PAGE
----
Which biotechs have high prospects of being acquired in the near future? Many would place Incyte (NASDAQ:INCY) near the top of the list. The company's oncology portfolio makes it an attractive target. But a target for whom? 

Gilead Sciences (NASDAQ:GILD), Bristol-Myers Squibb (NYSE:BMY), and Amgen (NASDAQ:AMGN) stand out as three of the most likely suitors for Incyte. Here's why these big drugmakers could be interested in making a significant acquisition.

Businessman pointing to "acquisition"

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A perfect match

When industry observers were asked in 2016 which company they thought was most likely to buy Incyte, Gilead Sciences was the top answer. In some ways, Gilead and Incyte make an ideal match.

Investors are anxious for Gilead to make an acquisition to help plug the leak from its declining hepatitis C franchise sales. Gilead's executives have also stated that a strategic deal ranks as one of their top priorities. The company's CEO even identified strengthening Gilead's oncology product lineup as a primary objective, but also mentioned augmenting its inflammation and non-alcoholic steatohepatitis (NASH) pipelines. 

Incyte would help Gilead in two of those areas. The biotech's Jakafi is already a big winner in treating two forms of blood cancer, myelofibrosis and polycythemia vera. Incyte's pipeline also includes several other experimental cancer drugs, most notably epacadostat. In addition, the company has partnered with Lilly on anti-inflammatory JAK inhibitor baricitinib.

Gilead needs to make a big deal, and Incyte is one of a very few that could be large enough to make a significant impact. Money shouldn't be an obstacle for Gilead. The big biotech reported over $32 billion in cash, cash equivalents, and marketable securities at the end of 2016 and has a solid cash flow to help fund a major deal.

Another big biotech with even more cash to spend

Amgen isn't touted too often as a potential buyer for Incyte. However, the company could soon be on the market for an acquisition. CEO Robert Bradway spoke about his company's flexibility in its balance sheet to fund big or small transactions during Amgen's fourth-quarter earnings conference call.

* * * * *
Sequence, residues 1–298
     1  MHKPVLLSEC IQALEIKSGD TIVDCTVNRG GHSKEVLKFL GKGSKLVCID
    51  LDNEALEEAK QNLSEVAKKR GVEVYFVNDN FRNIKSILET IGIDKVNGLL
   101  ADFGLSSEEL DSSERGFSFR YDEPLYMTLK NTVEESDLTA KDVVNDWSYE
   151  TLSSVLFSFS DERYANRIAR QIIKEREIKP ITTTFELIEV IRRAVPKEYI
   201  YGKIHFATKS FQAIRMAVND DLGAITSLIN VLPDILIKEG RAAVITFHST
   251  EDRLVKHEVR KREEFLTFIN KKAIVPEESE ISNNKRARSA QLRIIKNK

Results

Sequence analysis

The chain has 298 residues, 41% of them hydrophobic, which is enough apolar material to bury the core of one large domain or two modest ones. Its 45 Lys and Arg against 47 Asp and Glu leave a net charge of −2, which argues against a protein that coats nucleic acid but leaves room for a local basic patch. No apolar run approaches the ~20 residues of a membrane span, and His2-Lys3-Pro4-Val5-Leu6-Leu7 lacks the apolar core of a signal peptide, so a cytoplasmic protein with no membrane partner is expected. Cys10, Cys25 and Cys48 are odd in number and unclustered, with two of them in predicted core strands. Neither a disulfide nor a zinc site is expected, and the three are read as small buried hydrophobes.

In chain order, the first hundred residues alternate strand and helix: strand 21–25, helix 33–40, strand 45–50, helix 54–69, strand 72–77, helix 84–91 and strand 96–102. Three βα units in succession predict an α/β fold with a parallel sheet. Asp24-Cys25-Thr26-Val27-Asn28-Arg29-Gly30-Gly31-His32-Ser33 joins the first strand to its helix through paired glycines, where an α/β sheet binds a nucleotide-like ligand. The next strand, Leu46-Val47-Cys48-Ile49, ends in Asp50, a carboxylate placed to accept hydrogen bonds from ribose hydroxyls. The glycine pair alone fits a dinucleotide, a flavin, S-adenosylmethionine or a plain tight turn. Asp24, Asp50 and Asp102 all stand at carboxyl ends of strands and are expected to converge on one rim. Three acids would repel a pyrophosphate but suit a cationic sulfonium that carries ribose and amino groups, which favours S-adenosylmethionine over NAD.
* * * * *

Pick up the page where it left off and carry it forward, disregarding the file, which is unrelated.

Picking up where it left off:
Declining sales for three of its biggest-selling products could drive Amgen to make a deal. Bone marrow stimulants Neulasta and Neupogen and anemia drug Epogen are all facing stiff competition. 

Incyte's drugs would be a good fit with Amgen's current product lineup. The big biotech already markets several cancer treatments, most notably multiple myeloma drug Kyprolis. Amgen's top seller, Enbrel, targets some of the same indications as Incyte's baricitinib. However, Enbrel is injected whereas baricitinib is a pill taken once per day. The oral medication should be a good addition for Amgen if it chose to acquire Incyte. 

Amgen has more cash to spend than any other drugmaker except for Johnson & Johnson, which will spend a lot of its cash soon on its own acquisition of Actelion. At the end of 2016, Amgen reported cash, cash equivalents, and marketable securities totaling more than $38 billion. 

A partner in need of a boost

Bristol-Myers Squibb (BMS) claims something that neither Gilead Sciences nor Amgen has: a partnership in place with Incyte. The two companies entered a collaboration agreement to explore combination treatments with BMS' Opdivo and Incyte's epacadostat in 2014. Earlier this month, BMS and Incyte announced that they were advancing the Opdivo/epacadostat combo into a late-stage study targeting treatment of first-line non-small cell lung cancer.

The situation for BMS has changed since it first partnered with Incyte. Opdivo disappointed last year in a late-stage study as a monotherapy for first-line lung cancer. In January, BMS announced that it wouldn't seek accelerated approval for a combination of Opdivo with another of the company's drugs, Yervoy, as a first-line treatment of lung cancer. As a result, the drugmaker's stock has taken a beating.

An acquisition of Incyte would likely generate investor excitement about BMS again. Certainly, epacadostat would be a great addition to the big pharmaceutical company's lineup. So would Jakafi, for that matter.

BMS doesn't have nearly as much cash as Gilead or Amgen, though. As of the end of 2016, the drugmaker reported cash, cash equivalents, and marketable securities of a little over $9 billion. If multiple parties started a bidding war over Incyte (which could very well happen), BMS might find itself at a disadvantage. Still, I wouldn't rule out the possibility that the big drugmaker makes a play for Incyte.

Most likely pairing

At this point, Gilead Sciences appears to be the most likely suitor for Incyte. The big biotech has the most motivation to make a deal. And Gilead has the financial resources to make it happen.

However, there are other companies beyond Gilead, Amgen, and Bristol-Myers Squibb that could also be interested in Incyte. The possibility of a bidding war later in 2017 doesn't seem far-fetched at all.

This article represents the opinion of the writer, who may disagree with the “official” recommendation position of a Motley Fool premium advisory service. We’re motley! Questioning an investing thesis -- even one of our own -- helps us all think critically about investing and make decisions that help us become smarter, happier, and richer.